Georgia Runoffs: Democrat Warnock Wins, Tight Race for Other Seat
With his victory, Rev Raphael Warnock will become the first Black US senator from Georgia.
Democratic Senate candidate Rev Raphael Warnock has been projected to win the Georgia runoff election, defeating incumbent Republican Kelly Loeffler, the US media reported on Wednesday, 6 January. According to the tally by the Associated Press, Warnock was leading with 50.5 percent of the vote share, over Loeffler's 49.5 percent, with 98 percent of the estimated votes reported.
With his victory, Warnock will become the first Black US senator from Georgia, CNN reported.
Meanwhile, the race for the second of the two Georgia runoff seats continued between Democrat Jon Ossoff and Republican opponent David Perdue, with media outlet AP saying it remained too close to call. At last estimate, Ossoff was ahead of Perdue by 17,000 votes. Ossoff however has already declared victory, claiming a win that will provide President-elect Joe Biden control of the United States' Senate, AFP reports.
Who is Raphael Warnock?
The senior pastor at Ebenezer Baptist Church is also set to be the first black democrat elected from the Southern states. The 51-year-old spent the past 15 years leading the Atlanta church, where Martin Luther King Jr preached, The Indian Express reported.
He’s been vocal about issues like police brutality and voter suppression, as well as shown support for abortion rights. “I have spent my career and my time as pastor of Ebenezer Baptist Church trying to bring people together,” NYT quoted Warnock from an interview.
In his winning speech on Wednesday, he highlighted his impoverished childhood. The Indian Express quoted him, “The other day, because this is America, the 82-year-old hands that used to pick somebody else’s cotton picked her youngest son to be a United States senator.”
All eyes are now on the other contest between Democrat Jon Ossoff and incumbent Republican David Perdue. The former has established a narrow lead with 50.11 percent of the vote share, as against the latter's 49.89 percent, with 98 percent of the estimated votes reported. Who wins the second contest will determine which party controls the Senate.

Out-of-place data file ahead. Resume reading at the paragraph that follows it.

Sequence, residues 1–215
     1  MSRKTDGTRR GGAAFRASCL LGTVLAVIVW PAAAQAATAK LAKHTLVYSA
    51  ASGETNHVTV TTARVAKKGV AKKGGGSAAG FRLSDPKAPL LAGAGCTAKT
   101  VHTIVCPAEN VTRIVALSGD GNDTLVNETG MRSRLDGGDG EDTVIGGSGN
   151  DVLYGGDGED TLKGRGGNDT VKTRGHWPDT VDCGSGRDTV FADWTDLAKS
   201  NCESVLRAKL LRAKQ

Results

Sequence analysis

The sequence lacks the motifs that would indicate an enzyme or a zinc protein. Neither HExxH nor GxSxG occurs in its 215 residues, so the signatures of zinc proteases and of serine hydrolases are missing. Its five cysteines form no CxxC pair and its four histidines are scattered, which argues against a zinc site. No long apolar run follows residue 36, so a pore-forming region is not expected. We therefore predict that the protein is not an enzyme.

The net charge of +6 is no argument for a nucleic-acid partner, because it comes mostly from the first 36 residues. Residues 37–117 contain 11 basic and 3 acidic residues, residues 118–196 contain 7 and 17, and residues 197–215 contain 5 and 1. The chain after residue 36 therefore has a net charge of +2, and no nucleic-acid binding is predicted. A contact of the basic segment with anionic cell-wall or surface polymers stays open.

Why The Runoffs Matter
The voters in the 'Peach State' of the United States gathered on Tuesday to vote in the two crucial runoff elections.
With every ballot cast, the stakes remained high for both parties. Democrats need to win both seats to force a 50-50 Senate that would see them gain control through Vice President-elect Kamala Harris, who would eventually cast a tie-breaking vote if the situation arises.
If Republicans win either race, they will continue to control the US Senate.
According to The New York Times, both the Democratic Senate candidates were winning a larger share of the vote in county after country than President-elect Joe Biden won in November. Biden was able to wrest control of the state from Donald Trump in the Presidential elections with a slim lead.
“Certainly, winning would ease the path for a lot of what the President-elect wants to get done,” a source close to the Biden transition team told CNN, adding, “But we intend to achieve bipartisan success regardless of the outcome in the runoffs.”
Significant Early Voting
Like the 2020 Presidential election, the Senate election, too, had significant early voting owing to the coronavirus pandemic. More than 3 million Georgians voted early – a record for statewide runoffs. It is being presumed that as in November, the counting of the early votes would delay the official election result.
If he were to bet on it, "I would anticipate it was going to be a couple of days," Gabriel Sterling, the voting systems implementation manager for the Georgia Secretary of State's office, had said.
(With inputs from AFP.)
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